20 February 2004
Many people have stood looking down on Africa’s plains from the top of Tanzania’s Mount Kilimanjaro. When South African Sean Wisedale summited Africa’s highest peak, however, he became only the 79th* climber of all time, and the first African, to have climbed the highest mountain on each of the seven continents.
Wisedale climbed Mount Vinson in Antarctica in 1998, Aconcagua in South America in 2001, and North America’s Mount McKinley in 2002. Then, in the space of six months in 2003, he conquered three more, starting with the biggest and toughest: Mount Everest in Asia in May, Russia’s Mount Elbrus in August, and Carstensz Pyramid in Indonesia in October*.
[*Note: there is some controversy over which seven summits count as the seven – and accordingly over how many have climbed all seven. See more on this below.]
Finally, at 8am on Thursday, Wisedale made it to the top of Tanzania’s Mount Kilimanjaro, at 5 895 metres the highest freestanding mountain on earth.
Speaking from the summit, Wisedale said: “The view from the top is awesome and it is a fantastic experience. It’s been a very cold night, but I’ve been striving to climb the seven summits for a big part of my life, and now I have done it. I can only thank God, Discovery [who sponsored Wisedale’s expedition] and my family for this achievement.”
Although Kilimanjaro is not the most difficult ascent, physical and mental preparation is still important. Speaking before the climb, Wisedale said of Kilimanjaro: “Although it’s an accessible mountain, it’s still at high altitude, and no walk in the park.”
John Reader, in his book “Kilimanjaro”, describes climbing Kilimanjaro as follows:
- “The climb is not difficult in mountaineering terms, you could say it is equivalent to scrambling up a staircase more than three kilometres long. Or you could say that it is equivalent to clambering up the side of nine Empire State Buildings laid end to end at about sixteen degrees.
“But then at 4 710m, where the final ascent of Kilimanjaro begins, there is little more than half the density of oxygen which occurs on Manhattan or at the foot of most staircases. So, in effect, the aspiring climber attempts the equivalent of those feats with the equivalent of only one lung.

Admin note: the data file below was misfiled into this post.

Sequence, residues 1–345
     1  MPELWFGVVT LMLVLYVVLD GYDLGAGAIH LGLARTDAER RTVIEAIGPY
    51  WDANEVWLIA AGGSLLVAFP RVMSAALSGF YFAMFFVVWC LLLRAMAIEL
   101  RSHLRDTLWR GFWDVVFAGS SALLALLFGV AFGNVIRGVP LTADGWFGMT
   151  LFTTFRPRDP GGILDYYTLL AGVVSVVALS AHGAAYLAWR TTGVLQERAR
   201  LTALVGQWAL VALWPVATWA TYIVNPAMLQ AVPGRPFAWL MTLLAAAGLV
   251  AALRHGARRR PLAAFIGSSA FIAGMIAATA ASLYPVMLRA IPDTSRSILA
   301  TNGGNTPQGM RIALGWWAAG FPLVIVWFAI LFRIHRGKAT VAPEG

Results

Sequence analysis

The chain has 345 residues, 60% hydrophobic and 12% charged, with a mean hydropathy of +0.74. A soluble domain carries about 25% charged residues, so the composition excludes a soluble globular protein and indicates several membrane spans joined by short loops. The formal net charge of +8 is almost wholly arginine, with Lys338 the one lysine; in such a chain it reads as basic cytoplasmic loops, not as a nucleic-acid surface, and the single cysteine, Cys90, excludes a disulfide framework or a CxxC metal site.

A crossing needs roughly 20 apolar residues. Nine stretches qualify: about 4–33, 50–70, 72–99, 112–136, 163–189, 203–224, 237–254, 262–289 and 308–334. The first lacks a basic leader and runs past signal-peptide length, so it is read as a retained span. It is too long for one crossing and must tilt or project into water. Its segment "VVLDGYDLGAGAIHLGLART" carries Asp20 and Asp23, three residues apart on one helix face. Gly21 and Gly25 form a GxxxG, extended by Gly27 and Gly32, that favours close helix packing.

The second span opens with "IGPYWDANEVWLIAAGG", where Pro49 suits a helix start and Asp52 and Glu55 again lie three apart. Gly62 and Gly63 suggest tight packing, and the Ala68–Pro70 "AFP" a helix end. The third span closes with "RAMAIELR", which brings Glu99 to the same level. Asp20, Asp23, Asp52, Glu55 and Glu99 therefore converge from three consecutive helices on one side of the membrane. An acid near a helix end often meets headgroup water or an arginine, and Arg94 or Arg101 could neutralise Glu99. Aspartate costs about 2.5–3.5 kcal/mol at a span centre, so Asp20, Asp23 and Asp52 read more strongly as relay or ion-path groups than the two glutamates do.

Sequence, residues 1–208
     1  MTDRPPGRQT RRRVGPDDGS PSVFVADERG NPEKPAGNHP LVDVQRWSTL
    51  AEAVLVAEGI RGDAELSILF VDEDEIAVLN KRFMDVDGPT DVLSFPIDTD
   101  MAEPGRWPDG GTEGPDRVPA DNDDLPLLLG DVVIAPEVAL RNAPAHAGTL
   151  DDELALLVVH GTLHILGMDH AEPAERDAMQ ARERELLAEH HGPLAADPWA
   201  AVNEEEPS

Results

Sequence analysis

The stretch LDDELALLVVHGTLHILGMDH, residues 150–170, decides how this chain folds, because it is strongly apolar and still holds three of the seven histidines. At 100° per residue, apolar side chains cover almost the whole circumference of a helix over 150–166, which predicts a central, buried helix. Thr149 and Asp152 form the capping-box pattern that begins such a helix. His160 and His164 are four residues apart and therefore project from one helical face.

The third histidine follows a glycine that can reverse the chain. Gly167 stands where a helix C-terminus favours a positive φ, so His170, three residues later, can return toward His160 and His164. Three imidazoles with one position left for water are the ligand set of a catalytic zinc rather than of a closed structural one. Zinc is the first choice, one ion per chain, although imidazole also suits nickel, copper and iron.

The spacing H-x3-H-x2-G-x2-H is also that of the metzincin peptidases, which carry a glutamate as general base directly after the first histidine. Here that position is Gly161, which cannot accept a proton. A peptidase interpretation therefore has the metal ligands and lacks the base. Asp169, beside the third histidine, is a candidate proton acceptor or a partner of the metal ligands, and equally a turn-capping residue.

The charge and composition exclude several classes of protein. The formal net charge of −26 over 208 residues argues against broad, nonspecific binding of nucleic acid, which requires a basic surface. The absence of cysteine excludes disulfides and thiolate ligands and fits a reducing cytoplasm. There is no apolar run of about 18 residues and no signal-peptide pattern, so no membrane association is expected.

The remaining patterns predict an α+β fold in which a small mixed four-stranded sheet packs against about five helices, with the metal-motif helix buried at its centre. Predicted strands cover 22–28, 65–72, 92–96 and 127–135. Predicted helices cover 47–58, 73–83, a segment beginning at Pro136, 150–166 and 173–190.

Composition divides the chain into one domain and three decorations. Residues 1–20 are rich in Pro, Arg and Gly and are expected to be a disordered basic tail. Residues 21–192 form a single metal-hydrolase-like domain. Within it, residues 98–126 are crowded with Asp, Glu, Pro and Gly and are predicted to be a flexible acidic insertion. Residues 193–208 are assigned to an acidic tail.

“The result is agonising, there is no other word for it.”
So close for Harris, Disney
Wisedale is not the first South African to aim for the seven summits. In May last year, Alex Harris and Sean Disney were desperately unlucky not to bag their seventh when a long unbroken run of bad weather was the only thing that kept them from reaching the top of Everest.
Wisedale was filming the Discovery Everest 2003 expedition, and was able to join another expedition crew for a last summit attempt after the rest of the South African team were finally forced to abandon their quest.
On May 30, Wisedale conquered the tallest peak – and by far the most exacting in terms of time, expense and general logistics – immediately putting him at an advantage over Harris and Disney, who had needed only Everest to become the first South Africans to climb the seven summits.
Which seven summits?
To climb the highest mountain on each of the seven continents is a challenge that mountaineers have aspired to since American Dick Bass first publicised the idea in his book “Seven Summits” in 1985 – although he climbed the Australian summit Kosciuszko instead of the higher, more difficult Carstensz Pyramid.
Canadian Pat Morrow was the first to complete all seven summits with Carstensz in 1986. Four months later, the great Reinhold Messner followed suit.
Since then, there has been controversy over which seven count as the seven – some arguing that Kosciuszko, the highest point in Australia, should be included; others arguing that Australia is really not a continent, but that Australasia is, and that Indonesia’s Carstensz should therefore be included.
Two overlapping lists of climbers who have climbed the seven summits – the seven with Carstensz list, and the seven with Kosciuszko list – have thus developed. According to 7summits.com, there are currently (not including Wisedale) 78 names on the former list, and 82 on the latter. Taking overlaps into account, a total of 115 climbers (not including Wisedale) have climbed the seven summits … 45 of them having climbed all eight!
Wisedale (who went the Carstensz route) said recently: “To be the first South African to have climbed all seven would be absolutely amazing … The odds of reaching the summit of any mountain are not in favour of the climber, and so to reach the summit of the highest on each continent would be a gift from God.”
The seven summits (with Carstensz) are:
- Mt Everest, Asia, 8 850m
- Mt Aconcagua, South America, 6 960m
- Mt McKinley or Denali, North America, 6 194m
- Mt Kilimanjaro, Africa, 5 895m
- Mt Elbrus, Europe, 5 642m
- Mt Vinson, Antarctica, 4 897m
- Carstensz Pyramid, Australasia 4 884mSouthAfrica.info reporter